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Organising your sources and structuring your essay

In this video, the team illustrates an approach to structuring & writing up your research report so that you end up with a coherent piece of work
VOICEOVER: Once you’ve gathered all the sources needed for your research, you probably feel like you have this jumbled mess of your core books, websites, journals, newspapers and all those other types of sources that you might have found, with no idea of what to do with them or how they fit together. I like to lay my sources out, either physically or digitally, working out which ones fit to which parts of my essay. For example, if I was going to write a for or against style essay, I’d arrange them on two sides as clearly as I possibly can, so that they make more logical sense to me.
They won’t necessarily fit into either side particularly well, so you have to interpret them and work out how they fit within your argument. I would do the exact same thing if I were writing sections or chapters as well, putting sources towards the introduction or the methodology. Obviously, to be able to logically order them like this, you have to have an idea of what you want the order to be. Always start with an introduction. It sets out the context for your work and will tell the reader exactly what they’re going to be told, what your overall position will be and exactly how you plan to guide the reader through your work. So remember those three things; context, hypothesis, and structure.
Next comes the main body of the work. Here you have the opportunity to explore in more depth the importance of your research, what the background to it is, and what work has already been done in this field. You can show examples as evidence of the issues that you’ve considered in shaping your general point of view. So for each section; outline your point, provide evidence for it, then link it back to your research question, and on again to your next point. Try and remember to be balanced. So, for every point you make, make a counterargument to show that you’ve thoroughly considered all sides of the argument. Again, consider three things; overview, examples, and paragraphs. Finally, you will reach that conclusion.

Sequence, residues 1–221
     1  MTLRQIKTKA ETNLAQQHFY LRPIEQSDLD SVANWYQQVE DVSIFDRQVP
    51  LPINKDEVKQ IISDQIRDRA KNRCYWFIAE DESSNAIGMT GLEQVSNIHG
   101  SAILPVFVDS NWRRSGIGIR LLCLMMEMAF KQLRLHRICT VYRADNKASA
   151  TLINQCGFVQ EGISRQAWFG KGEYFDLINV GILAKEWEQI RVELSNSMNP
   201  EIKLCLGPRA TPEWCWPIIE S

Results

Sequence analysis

Give a very clear statement of your argument in a way that satisfies your research questions. It’s also worth considering, at the end of every piece of research, exactly what the implications of your work are, who agrees with you, and where further research might be useful. So; answer, argument, implications. Some research, a little bit like my own, will need a bit more structure than this. It might include, but isn’t limited to, a literature review, where you document work that exists in your field already, its significance, and your take on it. Also, a methodology section, where you can explain complicated methods, or forms of analysis.
You then go on to reveal your results, followed by a discussion which indicates what their significance is and the impact on your research questions. To use the for and against argument again, what you’re doing is taking a source as evidence for your point, analysing it and evaluating it before linking it on to another point. And so the process goes on until you reach your conclusion. Effectively, what you’re trying to do is tie all the strands of evidence together into one coherent piece of work.

Once you have gathered all the sources you need for your research, it might seem like you have a jumbled mess of books, journals, websites, newspapers, all different types of resources that you just don’t know what to do with or how they fit together.

Some might contradict each other, even though they make the same point. It’s all about working out where exactly to place them.

In this animation with voiceover, the team illustrates an approach to structuring and writing up your report so that you end up with a coherent piece of work.

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Developing Your Research Project

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